Saturday, September 08, 2018

Emergency Communications


One of the best forms of communications that hams have at their disposal when forced to operate from challenging locations in regards to accessing distant repeaters is "Cross Band Repeat."

Cross band repeat is implemented using a dual band cross band repeat capable mobile transceiver, and a dual band HT. The repeater receives signals on one amateur radio band (for example 70 cm) and retransmits those signals on a second amateur band (2 meters). Thus the name "Cross Band Repeat."
The purpose of a cross band repeat system in your mobile is the same as any radio repeater. It allows stations to communicate that ordinarily would not be able to do so because of the distance to a repeater, or possibly because you are located in a reinforced concrete and steel building, where your VHF HT is not capable of reaching a distant repeater.
In a situation such as these, cross band repeat comes into its own.

It should be noted that UHF is a better choice when used indoors, as though UHF signals don't travel quite as far outdoors as VHF signals, they do a better job of penetrating wood, steel, and concrete, giving you better range and performance in urban environments and around buildings.  This is why the majority of police services, emergency services, and others, all use UHF HT's.

There are various different types or modes of cross band repeat. The one that I use the most, is "Full Duplex Cross Band Repeat" where you set the repeater frequency on the main band of your radio, using the required repeater offset and CTCSS tones required. You set the UHF simplex frequency on the sub band with the CTCSS tone that you choose, keeping unwanted transmissions from other radio's that may be using the same UHF simplex frequency, and activate cross band repeat on the transceiver, in my case that being my Kenwood D710.  On the HT that I will use for cross banding with my Kenwood D710, I set the UHF simplex frequency in place with the matching CTCSS tone.

Be aware that duplex cross band repeat puts a heavy load on your mobile transceiver, and you should use the least amount of power required to reach the distant repeater you are working through.
Also be aware that if you are in a situation, such as a emergency operation where you will be cross banding for some time, and the situation may be that a number of HT's are utilizing the same mobile for cross banding, you will need to have extra battery reserves for your mobile, If you only have the single main battery in your mobile, I recommend that you have a extra power source such as the powerpack that I built some time ago for purposes such as this.
This powerpack may be temporarily attached to the main battery in your mobile, adding the required reserves needed for a extended cross band operation. There is more information on this powerpack, both in describing and building a similar one for yourself, located in my VE6AB ham radio gallery.!i=2444909214&k=bchwQt6

Another backup that I have installed in my mobile, that lends itself well to extended radio operations, is a remote starting device, that allows me to start my mobile from some distance, for example if you were situated some distance from your mobile, and were not in a position to get back to it to start the mobile, allowing the batteries to be recharged. With remote starting capability, you may start the vehicle after hours of cross banding, allowing for the batteries, both the main battery, and the powerpack to be recharged.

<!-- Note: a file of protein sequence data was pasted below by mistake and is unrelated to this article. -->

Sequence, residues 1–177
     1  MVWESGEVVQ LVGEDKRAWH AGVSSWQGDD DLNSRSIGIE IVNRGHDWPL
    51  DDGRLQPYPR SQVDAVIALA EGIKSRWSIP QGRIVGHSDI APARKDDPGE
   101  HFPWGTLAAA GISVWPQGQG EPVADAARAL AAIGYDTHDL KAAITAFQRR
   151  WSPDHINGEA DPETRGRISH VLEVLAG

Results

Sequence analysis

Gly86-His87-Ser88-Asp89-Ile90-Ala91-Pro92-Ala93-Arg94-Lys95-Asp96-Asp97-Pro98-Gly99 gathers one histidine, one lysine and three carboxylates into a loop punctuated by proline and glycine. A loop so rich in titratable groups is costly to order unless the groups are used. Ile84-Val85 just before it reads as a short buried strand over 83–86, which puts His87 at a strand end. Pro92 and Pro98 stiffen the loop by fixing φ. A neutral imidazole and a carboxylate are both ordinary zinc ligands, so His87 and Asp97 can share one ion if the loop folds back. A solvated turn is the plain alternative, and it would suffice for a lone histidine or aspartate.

I also recommend a bidirectional remote start device, as this allows you to monitor the status of your mobile, including the battery levels, and how long you have been charging the batteries.

Another form of cross band repeat that I also use is "Half Duplex Cross Band Repeat", or what Kenwood calls "Locked Band" mode, and be aware that not all cross band capable transceivers may have this capability.  This is where you set the repeater input frequency as simplex on the main band of your transceiver. Then you set the UHF simplex frequency with CTCSS on the sub band, and activate cross band repeat. The dual band HT is set up as used for full duplex cross band repeat, but the difference is that the dual band HT will receive directly from the repeater on VHF, but transmit on UHF to the cross band repeat mobile. The advantage to operating half duplex while cross banding, is the lower duty cycle required for the mobile transceiver being used for cross banding.  The transceiver set in half duplex, is not retransmitting the received transmissions from the repeater via UHF, allowing for the transceiver to not work as hard, and also allowing for less draw on the vehicle battery.

Also I should mention that there is some differences in the regulations in regards to using cross band repeat, and although any ham with a basic ham licence may operate in cross band repeat, as In accordance with section 44 of the Radio Communication Regulations, it should be noted that you are required to ID when operating a "Full Duplex Cross Band Repeat" transceiver remotely, and not all transceivers are capable of this. The Kenwood D710 has the capability to ID remotely, either via CW or a recorded Voice ID when operating in "Full Duplex Cross Band Repeat" meeting this requirement.

When operating in "Half Duplex Cross Band Repeat" this requirement is met, without the transceiver having to ID automatically every 10 minutes as required while set up in "Full Duplex Cross Band Repeat Mode".

I believe that I have provided a understanding as to how to best utilize "Cross Band Repeat" to your advantage.

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